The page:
Here's why this Goldman Sachs investment chief isn't worried about two of the market's biggest fears

Sharmin Mossavar-Rahmani is the CIO of the Private Wealth Management Group at Goldman Sachs where she guides the investment strategy for clients with over $US10 million in assets.

Mossavar-Rahmani joined Business Insider’s Sara Silverstein to discuss Goldman Sachs’ 2018 Investment Strategy Group Outlook. She says she is not worried about equity valuation levels or inflation and is telling investors to stay invested. Following is a transcript of the video.

Sara Silverstein:Sharmin is the chief investment officer of Goldman Sachs’ Investment Strategy Group. You guys came out with your 2018 outlook and one of the things that stuck out, I’m sure, to a lot of people is that you don’t think valuations are particularly too high. Do you think that they’re really sustainable at the levels that they have been at?

Sharmin Mossavar-Rahmani:When we talk about valuations with our clients, we tell them they need to think about the context. What’s the overall context in which we’re looking at these valuations? When we look at environments where inflation is low, and very importantly, the volatility of inflation is low, which is the environment we’re in, the market has typically sustained much higher valuations. So if we look at a range of market valuation measures, whether it’s Shiller CAPE, whether its price-to-book, whether it’s price-to-trailing earnings, price-to-peak earnings, when we look at these measures, they look like they’re in the, what we would call, the 10th decile, meaning generally, valuations are cheaper 90% of the time.

And when we look at the long-term average, it looks like they are 70-plus per cent overvalued. However, when we look at valuations and compare them to periods of low and stable inflation, it only looks like it’s about 20% overvalued. So the level of overvaluation is not as high as people are thinking.

Silverstein:And so if you’re in a period of low and stable inflation, the valuations don’t look that overvalued. But what happens when inflation rises?

Mossavar-Rahmani: So the key question for us is to monitor carefully several things, one of which would be inflation. But we’re actually not concerned about inflation. And inflation has been a topic now for several years. Everybody is looking for inflation to be just around the corner, and it hasn’t. Some of this, in our view, is driven by major structural forces. Globalization creates many more opportunities for companies to reduce their costs. So as long as that continues and exists, and you look at companies trying to find the cheapest source of, whether it’s labour, whether it’s manufacturing resources, then we think inflation is going to stay subdued and within the targets that the Fed is looking for. And it’s not just inflation in the US, but inflation globally, whether we’re looking at Europe, or whether we’re looking at, let’s say, Japan.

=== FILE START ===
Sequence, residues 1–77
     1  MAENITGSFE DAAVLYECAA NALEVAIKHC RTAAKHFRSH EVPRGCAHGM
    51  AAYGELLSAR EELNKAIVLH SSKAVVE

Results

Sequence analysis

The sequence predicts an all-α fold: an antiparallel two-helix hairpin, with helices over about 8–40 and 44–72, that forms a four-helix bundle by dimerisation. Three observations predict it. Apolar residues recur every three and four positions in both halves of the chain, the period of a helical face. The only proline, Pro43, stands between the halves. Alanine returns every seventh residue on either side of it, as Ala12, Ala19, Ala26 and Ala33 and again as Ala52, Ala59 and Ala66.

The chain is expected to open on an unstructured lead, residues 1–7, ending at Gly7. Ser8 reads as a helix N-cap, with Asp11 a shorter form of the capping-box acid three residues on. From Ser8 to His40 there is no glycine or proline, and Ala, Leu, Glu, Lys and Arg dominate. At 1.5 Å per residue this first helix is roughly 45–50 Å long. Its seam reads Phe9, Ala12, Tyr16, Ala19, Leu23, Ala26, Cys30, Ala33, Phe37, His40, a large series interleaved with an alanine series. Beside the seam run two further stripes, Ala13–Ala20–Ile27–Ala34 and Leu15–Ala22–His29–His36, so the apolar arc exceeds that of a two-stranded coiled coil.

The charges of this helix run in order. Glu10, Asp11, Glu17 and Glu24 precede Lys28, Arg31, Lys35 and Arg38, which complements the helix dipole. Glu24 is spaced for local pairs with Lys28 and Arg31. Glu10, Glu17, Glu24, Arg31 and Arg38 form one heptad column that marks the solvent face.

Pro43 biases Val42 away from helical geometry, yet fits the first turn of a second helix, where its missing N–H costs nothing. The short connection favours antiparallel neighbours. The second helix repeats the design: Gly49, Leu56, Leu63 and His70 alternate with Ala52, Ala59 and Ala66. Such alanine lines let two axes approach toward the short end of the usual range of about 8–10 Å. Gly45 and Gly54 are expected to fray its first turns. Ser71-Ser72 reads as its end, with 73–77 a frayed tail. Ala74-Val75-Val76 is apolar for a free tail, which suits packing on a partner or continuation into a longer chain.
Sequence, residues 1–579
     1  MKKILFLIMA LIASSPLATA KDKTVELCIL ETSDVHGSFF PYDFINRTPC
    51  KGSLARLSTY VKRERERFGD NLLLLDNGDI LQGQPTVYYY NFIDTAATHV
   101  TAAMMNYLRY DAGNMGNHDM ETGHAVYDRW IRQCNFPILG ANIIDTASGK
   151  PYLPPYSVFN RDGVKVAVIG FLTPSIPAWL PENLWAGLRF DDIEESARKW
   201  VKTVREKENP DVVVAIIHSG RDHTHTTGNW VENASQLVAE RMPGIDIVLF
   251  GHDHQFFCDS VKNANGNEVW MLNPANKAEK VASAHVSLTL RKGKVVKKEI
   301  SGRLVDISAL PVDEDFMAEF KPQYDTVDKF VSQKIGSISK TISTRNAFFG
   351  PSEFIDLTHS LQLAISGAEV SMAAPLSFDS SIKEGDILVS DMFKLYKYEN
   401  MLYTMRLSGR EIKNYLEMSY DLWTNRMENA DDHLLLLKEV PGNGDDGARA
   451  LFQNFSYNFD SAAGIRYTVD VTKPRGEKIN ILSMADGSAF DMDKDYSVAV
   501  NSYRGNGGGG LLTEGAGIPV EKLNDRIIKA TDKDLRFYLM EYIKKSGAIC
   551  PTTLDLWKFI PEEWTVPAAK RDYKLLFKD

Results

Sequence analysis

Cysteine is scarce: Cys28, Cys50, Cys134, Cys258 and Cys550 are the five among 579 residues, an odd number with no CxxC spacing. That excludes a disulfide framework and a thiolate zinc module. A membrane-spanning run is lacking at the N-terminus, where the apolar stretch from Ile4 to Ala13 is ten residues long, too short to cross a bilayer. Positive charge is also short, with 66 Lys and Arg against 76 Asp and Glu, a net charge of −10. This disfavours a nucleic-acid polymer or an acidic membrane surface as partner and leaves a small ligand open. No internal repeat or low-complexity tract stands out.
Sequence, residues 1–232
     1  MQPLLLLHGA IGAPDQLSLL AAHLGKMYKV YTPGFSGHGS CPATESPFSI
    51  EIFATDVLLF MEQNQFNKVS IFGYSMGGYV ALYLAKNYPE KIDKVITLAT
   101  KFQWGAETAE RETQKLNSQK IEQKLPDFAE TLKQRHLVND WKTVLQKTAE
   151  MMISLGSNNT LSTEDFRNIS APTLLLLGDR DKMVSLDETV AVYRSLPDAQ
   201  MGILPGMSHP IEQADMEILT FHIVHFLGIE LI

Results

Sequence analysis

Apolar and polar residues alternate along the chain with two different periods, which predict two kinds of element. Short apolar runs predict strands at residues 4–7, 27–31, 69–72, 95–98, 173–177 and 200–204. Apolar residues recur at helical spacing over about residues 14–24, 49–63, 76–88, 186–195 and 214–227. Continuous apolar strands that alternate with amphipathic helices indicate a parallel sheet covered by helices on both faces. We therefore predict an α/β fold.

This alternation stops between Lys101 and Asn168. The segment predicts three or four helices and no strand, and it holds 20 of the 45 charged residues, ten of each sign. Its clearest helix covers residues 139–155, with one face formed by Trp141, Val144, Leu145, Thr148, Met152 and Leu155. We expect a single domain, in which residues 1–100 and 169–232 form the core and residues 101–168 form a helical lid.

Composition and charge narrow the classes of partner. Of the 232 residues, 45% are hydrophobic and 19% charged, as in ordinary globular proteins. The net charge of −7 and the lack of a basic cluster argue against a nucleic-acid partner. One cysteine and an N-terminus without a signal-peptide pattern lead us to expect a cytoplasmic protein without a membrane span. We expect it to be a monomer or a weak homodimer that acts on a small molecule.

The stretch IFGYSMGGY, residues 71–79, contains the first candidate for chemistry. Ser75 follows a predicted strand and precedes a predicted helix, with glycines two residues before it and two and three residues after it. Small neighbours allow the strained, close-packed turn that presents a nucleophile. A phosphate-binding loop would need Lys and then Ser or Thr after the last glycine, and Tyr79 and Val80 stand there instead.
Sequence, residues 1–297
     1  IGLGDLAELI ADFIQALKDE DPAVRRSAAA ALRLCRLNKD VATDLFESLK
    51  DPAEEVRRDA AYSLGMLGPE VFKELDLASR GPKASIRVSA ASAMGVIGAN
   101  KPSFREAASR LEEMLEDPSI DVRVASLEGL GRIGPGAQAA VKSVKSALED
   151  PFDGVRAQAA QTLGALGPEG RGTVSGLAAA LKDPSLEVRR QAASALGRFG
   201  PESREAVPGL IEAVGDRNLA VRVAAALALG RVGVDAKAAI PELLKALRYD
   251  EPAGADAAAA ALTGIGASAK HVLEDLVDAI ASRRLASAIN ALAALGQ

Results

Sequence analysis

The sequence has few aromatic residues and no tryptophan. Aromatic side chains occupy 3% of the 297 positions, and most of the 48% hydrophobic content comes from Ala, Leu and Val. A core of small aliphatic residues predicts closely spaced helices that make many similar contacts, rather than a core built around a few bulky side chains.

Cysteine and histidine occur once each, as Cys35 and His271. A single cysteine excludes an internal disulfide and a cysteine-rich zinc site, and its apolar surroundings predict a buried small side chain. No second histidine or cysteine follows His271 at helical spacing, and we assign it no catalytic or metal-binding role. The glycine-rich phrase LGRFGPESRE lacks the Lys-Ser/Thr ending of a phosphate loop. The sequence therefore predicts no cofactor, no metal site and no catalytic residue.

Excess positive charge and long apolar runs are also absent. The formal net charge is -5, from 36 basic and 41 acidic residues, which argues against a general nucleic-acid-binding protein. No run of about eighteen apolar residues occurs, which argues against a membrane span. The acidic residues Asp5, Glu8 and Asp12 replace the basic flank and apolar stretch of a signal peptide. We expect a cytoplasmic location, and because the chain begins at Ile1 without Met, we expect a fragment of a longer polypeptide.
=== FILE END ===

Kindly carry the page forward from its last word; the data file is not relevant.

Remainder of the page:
Silverstein:And if you like US equities, are you worried at all about tech, ’cause they have been leading the rally? And their valuation, some think, are the most overvalued of any.

Mossavar-Rahmani: In our view, this concern about the tech sector and saying that this looks like the late ’90s, 2000, is a bit misplaced, this type of concern. Because when you actually look at the relationship across sectors, and you look at their valuations based on return on equity, or other measures, all sectors seem to be about fairly valued.

Screen Shot 2018 02 23 at 3.15.03 PMGoldman SachsNo major sector imbalances now like there were in 2000

If you looked at 2000, information technology was substantially overvalued relative to other sectors in the equity market. For example, if you looked at the return on equity and what you paid for that, you were paying two and a half times more for the technology sector’s return on equity relative to other sectors. So that was a big dislocation.You don’t see that anymore.

Screen Shot 2018 02 23 at 1.57.43 PMGoldman SachsEquity returns were high in 2017 even without tech stocks

In fact, there have been a lot of articles and commentary about the impact of the FAANGs, meaning, sort of, Facebook, Apple, Amazon, Microsoft or Netflix, depending on what people like to use, and Google. And if you take those out of the S&P, people will say S&P returns have been anemic. That is factually not correct. In fact, if you take the returns, let’s say, for 2017, about 22%, and you take out the FAANGs, you’re left with about a 19% return. That means other sectors have done quite well. So even though technology has outperformed, broadly, we don’t think it is overvalued relative to other sectors in the market.

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